One time I was watching the news and a man was tasered. A reporter interviewed him after this happened and asked him how he felt. He said, “It didn’t affect me.” This man had fallen to the ground, clearly impacted, but he insisted he didn’t feel anything.
I remember attending a funeral, and overhearing someone talking to a person who was in the throes of their grief. This person told them, “You’ve just got to be strong. Stop crying.” If it’s not acceptable to cry at a funeral, then where is it ok to cry? What is it about our society that makes us feel as though we can’t admit to being affected by things that would move most people?
There is something about our culture that looks down on showing emotion. We’re just not huge fans of allowing people to feel things out in the open. Living in this kind of society teaches the people in it to deny what they’re actually feeling. We’re constantly pretending.
In some instances, like when you’re at work, you may not want to burst into tears, or if you’re around people you don’t know that well you may not feel comfortable being vulnerable. But that doesn’t mean to shove those feelings down and never feel them. It’s ok to put things off for a moment, as long as that moment doesn’t become forever.
There can be some value in compartmentalizing. It is ok to tell yourself, “I can’t feel this at the moment, but at some point today, I’m going to allow myself the time and space to really feel the impact of this.” Just to be clear, compartmentalizing doesn’t mean that you don’t revisit those emotions. It means that you pause for a moment, do what you need to do, and then come back to them later.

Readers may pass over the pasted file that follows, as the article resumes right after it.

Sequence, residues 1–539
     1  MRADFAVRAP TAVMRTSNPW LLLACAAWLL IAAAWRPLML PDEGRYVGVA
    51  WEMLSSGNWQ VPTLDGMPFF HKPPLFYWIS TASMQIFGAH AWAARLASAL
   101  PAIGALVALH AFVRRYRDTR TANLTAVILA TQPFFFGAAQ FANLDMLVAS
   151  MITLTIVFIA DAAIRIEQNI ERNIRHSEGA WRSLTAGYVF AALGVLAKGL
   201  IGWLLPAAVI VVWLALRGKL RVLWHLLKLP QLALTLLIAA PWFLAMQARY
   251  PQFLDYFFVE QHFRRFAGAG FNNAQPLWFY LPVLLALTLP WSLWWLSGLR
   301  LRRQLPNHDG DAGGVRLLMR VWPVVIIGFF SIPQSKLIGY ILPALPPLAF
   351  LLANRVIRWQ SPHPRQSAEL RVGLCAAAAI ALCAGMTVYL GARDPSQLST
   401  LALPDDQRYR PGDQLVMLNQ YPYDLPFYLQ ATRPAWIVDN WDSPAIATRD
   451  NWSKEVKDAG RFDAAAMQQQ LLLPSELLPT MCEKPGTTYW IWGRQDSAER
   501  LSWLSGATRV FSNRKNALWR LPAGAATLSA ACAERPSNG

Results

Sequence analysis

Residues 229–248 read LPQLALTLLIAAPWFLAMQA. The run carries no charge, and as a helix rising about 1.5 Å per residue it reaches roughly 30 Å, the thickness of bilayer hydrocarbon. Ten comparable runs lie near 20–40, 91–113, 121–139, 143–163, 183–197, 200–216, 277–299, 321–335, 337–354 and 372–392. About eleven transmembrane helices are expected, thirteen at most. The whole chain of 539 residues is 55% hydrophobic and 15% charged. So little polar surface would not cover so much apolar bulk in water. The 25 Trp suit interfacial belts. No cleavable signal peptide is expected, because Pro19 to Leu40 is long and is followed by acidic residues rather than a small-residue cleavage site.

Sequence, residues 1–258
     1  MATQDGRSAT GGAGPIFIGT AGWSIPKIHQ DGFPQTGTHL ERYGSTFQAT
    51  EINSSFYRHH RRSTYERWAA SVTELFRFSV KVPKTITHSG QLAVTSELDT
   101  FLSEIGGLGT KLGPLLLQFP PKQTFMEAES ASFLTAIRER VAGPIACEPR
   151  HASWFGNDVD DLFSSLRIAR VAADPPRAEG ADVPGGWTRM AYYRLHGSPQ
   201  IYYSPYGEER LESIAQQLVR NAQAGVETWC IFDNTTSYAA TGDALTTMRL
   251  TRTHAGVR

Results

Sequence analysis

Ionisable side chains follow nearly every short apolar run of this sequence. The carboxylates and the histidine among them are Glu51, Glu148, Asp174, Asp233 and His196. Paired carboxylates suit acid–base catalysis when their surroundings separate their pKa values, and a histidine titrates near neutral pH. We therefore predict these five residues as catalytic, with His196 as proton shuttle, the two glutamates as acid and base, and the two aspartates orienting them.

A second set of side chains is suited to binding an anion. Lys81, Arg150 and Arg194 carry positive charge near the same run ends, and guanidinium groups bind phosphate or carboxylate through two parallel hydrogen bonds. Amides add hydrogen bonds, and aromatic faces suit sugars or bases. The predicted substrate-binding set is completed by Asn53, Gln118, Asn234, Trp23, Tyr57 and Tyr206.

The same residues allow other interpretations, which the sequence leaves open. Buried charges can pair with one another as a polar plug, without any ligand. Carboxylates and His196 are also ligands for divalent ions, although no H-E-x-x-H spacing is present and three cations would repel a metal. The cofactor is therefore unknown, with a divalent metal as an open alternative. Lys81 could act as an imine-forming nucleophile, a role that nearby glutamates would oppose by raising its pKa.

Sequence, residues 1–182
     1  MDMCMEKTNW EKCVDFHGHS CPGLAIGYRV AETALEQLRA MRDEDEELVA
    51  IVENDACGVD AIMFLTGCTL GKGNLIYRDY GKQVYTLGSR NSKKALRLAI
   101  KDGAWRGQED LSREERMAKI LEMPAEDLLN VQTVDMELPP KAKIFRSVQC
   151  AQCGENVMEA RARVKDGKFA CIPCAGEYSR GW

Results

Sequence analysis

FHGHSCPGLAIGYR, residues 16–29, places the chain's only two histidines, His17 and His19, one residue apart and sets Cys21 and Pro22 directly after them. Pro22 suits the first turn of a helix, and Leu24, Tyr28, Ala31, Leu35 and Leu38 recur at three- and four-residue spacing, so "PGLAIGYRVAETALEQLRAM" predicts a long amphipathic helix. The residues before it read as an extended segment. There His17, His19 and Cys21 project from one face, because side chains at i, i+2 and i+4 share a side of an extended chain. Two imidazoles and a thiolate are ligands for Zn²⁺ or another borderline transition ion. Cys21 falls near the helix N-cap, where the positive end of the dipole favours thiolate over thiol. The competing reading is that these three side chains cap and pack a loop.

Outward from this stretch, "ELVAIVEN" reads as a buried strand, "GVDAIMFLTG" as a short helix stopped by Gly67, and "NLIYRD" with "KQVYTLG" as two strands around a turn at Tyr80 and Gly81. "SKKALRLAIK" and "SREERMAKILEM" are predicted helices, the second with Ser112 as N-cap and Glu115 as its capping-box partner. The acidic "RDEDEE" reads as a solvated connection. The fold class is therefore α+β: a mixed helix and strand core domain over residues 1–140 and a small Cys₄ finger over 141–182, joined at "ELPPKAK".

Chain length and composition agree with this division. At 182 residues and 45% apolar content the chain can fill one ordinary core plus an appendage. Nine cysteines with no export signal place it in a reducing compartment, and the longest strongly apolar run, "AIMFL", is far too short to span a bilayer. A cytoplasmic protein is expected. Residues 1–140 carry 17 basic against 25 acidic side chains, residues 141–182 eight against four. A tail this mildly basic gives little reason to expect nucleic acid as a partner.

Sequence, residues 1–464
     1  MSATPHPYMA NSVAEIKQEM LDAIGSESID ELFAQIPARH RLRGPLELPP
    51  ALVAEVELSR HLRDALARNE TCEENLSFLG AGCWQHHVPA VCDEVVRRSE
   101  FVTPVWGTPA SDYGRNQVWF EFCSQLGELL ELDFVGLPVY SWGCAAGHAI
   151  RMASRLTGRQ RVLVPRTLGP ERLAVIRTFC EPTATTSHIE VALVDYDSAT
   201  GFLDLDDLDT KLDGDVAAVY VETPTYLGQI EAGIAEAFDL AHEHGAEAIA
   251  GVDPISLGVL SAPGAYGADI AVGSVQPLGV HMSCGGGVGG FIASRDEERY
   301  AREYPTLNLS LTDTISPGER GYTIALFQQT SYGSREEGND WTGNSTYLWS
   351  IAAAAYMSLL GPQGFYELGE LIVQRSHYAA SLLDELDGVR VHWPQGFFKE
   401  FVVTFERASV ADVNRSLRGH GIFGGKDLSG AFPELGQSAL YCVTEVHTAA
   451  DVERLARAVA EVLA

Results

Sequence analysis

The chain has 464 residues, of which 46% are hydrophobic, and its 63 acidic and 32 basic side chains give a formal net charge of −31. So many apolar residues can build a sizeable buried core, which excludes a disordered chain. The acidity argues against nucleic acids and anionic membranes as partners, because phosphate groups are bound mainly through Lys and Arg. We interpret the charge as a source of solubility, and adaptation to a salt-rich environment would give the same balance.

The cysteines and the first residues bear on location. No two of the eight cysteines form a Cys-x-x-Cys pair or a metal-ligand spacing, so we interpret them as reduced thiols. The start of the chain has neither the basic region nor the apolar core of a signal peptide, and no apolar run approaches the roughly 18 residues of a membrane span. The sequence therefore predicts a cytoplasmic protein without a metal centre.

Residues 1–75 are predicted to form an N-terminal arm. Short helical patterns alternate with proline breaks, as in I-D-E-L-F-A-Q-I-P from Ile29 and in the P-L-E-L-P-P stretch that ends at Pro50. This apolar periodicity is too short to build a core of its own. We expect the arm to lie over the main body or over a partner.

This doesn’t just apply to sad or challenging emotions either. Sometimes before I’m about to do something really big, something that I’ve been dreaming of and working toward, I journal about it. I ask myself how I’m feeling and give myself the space to process. I pre-feel my feelings. Then, in the moment I can be fully present and not overwhelmed by my feelings because I’ve already acknowledged how amazing the experience is.
It can be really harmful to exist in a space where you insist that you don’t care about the things that are happening to you. Sometimes we just need to cry. We need to be angry. We need to allow ourselves to really process the jealousy we’re feeling. When we don’t, those feelings will find other ways to make themselves known. We may be passive aggressive, or respond in a way that is over the top for the given situation because our emotions have been building for a while.
We have to give ourselves room to feel, which can be uncomfortable. We may not want others to see us in various emotional states. One time I looked in the mirror as I was crying and it stopped me from crying because it looked so bad. Your face is all puffy, your nose is running. I get it. It may not be how you want to be seen, but it is what you need to do.
How do you make time to feel your feelings? Do you sit with yourself? Do you journal?
When was the last time you pretended to not care about something when you really did? What made you feel as though you had to pretend?
The Today Show. I was recently on Today with Hoda & Jenna talking with Charlamagne, Jay Barnett and Dr. Alfiee about mental health.
When you’re in a situation where you really can’t express your feelings, whether you’re at work, or in the middle of a crisis, or some other scenario, how do you get through those moments? What helps you? Tell me about it in the comments below.